Aunt of Missing Teen Jayme Closs Makes Emotional Appeal to Niece

October 25, 2018 Updated: October 25, 2018

The aunt of missing Wisconsin teen Jayme Closs made an emotional plea for anyone with information to contact the authorities and spoke out directly to Jayme, who has been missing since Oct. 15, and is feared to be in danger.

“Jayme, not a moment goes by that we’re not thinking of you and praying for you,” said Jennifer Smith, girl’s aunt, during a press conference at the Barron County Sheriff’s Department on Wednesday, Oct. 24. “Your family and friends miss you so much. Your sparkling eyes, your bright smile, your soft little giggles.”

Investigators sometimes employ remarks from missing people’s family members in the hopes of humanizing victims in the eyes of their captors, making them pause before inflicting harm.

Smith appealed to anyone with knowledge about the disappearance of her 13-year-old niece to contact the Barron County Sheriff’s Department. She vowed that the search for Jayne would continue until she is found.

Investigators have announced a $25,000 reward.

Jayme Closs went missing in Wisconsin
Jayme Closs, 13, went missing on Oct. 15, 2018, and is considered endangered. (Barron County Sheriff’s Department)

Justin Tolomeo, special agent-in-charge of the FBI’s Milwaukee office, announced the award during a news conference in Barron on Wednesday afternoon.

“We are now offering a reward of $25,000 for information that directly relates to her location. So please, if you have information, we want to hear from you,” Tolomeo said.

Deputies responding to a 911 call from her mother’s cellphone on Oct. 15, found Jayme’s parents, James and Denise, dead inside the home from gunshot wounds. Jayme was nowhere to be found, and investigators believe she was kidnapped.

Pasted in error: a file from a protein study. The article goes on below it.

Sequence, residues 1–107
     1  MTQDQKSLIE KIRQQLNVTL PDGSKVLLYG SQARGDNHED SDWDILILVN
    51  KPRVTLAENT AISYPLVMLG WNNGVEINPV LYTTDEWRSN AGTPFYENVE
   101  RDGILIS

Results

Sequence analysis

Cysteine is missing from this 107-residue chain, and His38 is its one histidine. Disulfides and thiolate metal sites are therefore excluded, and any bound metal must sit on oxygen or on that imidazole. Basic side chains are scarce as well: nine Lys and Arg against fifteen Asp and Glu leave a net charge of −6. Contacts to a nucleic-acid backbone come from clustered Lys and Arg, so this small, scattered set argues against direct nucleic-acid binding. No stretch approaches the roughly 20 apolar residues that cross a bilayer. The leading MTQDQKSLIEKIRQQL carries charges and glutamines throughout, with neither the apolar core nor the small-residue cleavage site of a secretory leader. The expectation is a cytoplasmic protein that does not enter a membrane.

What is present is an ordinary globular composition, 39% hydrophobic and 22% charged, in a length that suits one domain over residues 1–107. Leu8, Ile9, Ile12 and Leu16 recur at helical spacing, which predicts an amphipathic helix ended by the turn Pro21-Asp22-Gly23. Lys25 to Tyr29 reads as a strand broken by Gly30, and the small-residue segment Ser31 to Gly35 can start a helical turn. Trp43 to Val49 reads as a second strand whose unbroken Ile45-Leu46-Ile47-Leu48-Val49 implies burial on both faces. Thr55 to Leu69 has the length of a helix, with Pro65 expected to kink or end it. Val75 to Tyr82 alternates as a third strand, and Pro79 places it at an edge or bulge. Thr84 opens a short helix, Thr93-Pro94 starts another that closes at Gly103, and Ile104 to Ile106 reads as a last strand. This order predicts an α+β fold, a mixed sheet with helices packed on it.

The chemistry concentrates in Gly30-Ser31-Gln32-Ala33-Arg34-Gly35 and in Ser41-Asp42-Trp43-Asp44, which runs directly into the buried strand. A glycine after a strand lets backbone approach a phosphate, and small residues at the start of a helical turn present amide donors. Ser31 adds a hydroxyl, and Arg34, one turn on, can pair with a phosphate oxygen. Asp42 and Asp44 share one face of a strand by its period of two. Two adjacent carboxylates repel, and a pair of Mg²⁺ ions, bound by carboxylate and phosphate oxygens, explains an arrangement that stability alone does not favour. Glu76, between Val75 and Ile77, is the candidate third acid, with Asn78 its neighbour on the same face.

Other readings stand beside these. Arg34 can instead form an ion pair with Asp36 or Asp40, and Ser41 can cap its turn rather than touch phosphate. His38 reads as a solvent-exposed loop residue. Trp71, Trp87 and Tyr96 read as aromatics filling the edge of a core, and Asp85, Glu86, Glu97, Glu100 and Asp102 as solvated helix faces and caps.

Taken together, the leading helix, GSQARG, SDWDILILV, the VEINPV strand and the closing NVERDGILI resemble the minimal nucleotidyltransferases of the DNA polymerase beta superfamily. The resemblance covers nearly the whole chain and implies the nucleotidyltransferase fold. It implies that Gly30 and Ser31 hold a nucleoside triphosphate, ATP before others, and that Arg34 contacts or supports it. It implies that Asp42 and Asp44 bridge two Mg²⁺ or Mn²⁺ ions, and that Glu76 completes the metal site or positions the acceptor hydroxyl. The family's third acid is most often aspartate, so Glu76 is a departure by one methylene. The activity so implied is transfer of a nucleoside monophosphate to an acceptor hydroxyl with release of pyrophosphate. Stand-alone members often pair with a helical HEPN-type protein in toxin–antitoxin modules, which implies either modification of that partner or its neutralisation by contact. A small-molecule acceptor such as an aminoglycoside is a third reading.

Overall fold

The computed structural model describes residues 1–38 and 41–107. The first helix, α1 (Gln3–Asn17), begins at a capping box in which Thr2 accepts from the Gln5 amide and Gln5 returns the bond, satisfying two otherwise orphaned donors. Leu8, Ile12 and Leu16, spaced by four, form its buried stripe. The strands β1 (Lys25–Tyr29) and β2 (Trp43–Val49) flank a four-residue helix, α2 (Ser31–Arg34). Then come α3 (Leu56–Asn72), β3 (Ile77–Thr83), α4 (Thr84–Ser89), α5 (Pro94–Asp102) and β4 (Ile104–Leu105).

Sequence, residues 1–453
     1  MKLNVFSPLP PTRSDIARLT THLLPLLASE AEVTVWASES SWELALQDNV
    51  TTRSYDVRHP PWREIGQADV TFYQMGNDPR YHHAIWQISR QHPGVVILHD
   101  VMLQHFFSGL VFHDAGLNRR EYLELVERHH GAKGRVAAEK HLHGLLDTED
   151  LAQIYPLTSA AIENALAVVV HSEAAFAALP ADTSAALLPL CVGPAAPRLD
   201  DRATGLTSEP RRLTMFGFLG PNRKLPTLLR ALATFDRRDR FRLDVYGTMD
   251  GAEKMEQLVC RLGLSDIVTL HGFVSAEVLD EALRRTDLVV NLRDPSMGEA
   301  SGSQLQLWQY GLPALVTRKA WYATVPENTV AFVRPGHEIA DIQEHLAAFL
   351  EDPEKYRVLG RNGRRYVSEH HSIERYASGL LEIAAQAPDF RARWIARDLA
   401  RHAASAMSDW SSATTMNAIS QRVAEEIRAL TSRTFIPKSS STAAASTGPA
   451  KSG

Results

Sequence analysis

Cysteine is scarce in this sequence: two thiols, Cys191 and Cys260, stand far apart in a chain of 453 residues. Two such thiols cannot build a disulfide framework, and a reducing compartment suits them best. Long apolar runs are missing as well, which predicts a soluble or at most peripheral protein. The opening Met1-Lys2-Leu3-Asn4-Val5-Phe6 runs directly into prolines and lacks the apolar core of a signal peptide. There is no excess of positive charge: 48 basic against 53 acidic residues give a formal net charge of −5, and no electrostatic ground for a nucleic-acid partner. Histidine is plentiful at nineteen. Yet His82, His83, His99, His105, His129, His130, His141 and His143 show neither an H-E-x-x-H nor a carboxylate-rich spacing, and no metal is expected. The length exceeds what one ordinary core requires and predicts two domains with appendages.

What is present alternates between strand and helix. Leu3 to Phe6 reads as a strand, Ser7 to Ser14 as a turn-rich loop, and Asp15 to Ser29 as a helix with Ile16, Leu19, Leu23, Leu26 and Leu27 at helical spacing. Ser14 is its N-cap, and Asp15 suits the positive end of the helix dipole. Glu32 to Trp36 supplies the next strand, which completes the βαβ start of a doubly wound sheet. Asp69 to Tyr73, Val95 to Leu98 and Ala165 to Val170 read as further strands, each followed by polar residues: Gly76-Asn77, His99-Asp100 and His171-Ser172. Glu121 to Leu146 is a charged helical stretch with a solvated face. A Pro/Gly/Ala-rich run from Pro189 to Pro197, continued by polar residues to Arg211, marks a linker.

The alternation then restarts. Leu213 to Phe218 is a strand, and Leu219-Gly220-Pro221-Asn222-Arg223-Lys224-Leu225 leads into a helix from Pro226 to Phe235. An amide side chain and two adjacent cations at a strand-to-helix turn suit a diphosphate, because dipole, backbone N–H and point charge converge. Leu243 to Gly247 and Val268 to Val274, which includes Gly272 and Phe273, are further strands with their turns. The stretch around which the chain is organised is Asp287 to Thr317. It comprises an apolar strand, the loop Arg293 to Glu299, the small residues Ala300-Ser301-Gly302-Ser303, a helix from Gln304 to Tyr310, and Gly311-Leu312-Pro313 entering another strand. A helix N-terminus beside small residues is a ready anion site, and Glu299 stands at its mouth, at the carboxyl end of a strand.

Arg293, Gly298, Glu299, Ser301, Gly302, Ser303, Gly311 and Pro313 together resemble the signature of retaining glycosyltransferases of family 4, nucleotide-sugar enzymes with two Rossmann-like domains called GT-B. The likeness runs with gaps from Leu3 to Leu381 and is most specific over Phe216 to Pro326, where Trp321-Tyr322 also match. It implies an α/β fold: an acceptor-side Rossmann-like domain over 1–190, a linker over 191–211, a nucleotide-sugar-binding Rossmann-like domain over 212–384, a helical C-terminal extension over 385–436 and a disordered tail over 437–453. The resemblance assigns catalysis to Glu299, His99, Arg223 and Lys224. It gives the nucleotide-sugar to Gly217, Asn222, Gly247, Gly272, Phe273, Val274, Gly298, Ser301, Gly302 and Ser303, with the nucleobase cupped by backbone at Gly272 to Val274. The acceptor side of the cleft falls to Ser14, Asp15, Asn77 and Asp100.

Barron County Sheriff Chris Fitzgerald asked Wednesday that anyone on U.S. 8 between 12:30 a.m. and 1:30 a.m. on Oct. 15, call the tipline, 855-744-3879. Others on the road might have noticed something important to solving the case, even if it doesn’t seem that way to them, he said.

He also reiterated that they want to hear from anyone who has noticed any changes in behavior or anything out of the ordinary.

Fitzgerald gave an update on the tips already received and said that any information provided by the public would be considered carefully.

“This remains an active investigation and we follow up on every tip. We’ve received over 1,550 tips from our community and across the nation. We’ve closed 1,250 of them,” Fitzgerald said.

He added that many of the tips have related to two vehicles of interest released by his agency—a red or orange Dodge Challenger and a black Ford Edge or Acura MDX.

Fitzgerald said authorities don’t know if Jayme was taken out of the area and so have made the search nationwide. He said there are 200 law enforcement officers working around the clock to solve this crime.

Investigators continue to review the evidence, including a 911 call just before 1 a.m. made from a cellphone registered to Denise Closs. The dispatcher on the call was unable to make contact with anyone, but heard a commotion on the other end of the line.

“We keep combing over evidence, looking for new things,” he said. “We had a new team, a new set of eyes, come in today and go over that house one more time to make sure nothing was missed. They did remove some items and those are being processed to see if there’s any new items of evidence.”

FBI Special Agent in Charge, Justin Tolomeo, declined to say whether investigators have any suspects.

A nationwide Amber Alert was sent out on the afternoon of Oct. 15, and the FBI has added Jayme to its list of missing people. She is described as 5 feet tall, 100 pounds, with blonde or strawberry blonde hair.

On Tuesday, 2,000-plus volunteers helped law enforcement officials scour Barron, Wisconsin, searching for any clues that could help locate the missing teenager.

Fitzgerald said last week that authorities believe that Jayme is in danger but expect that they will find her alive. On Tuesday he declined to comment on whether specific evidence has emerged proving she is still alive.

“We believe Jayme is out there,” he said. “Jayme is endangered and we need to bring a 13-year-old girl home.”

The Associated Press contributed to this report.

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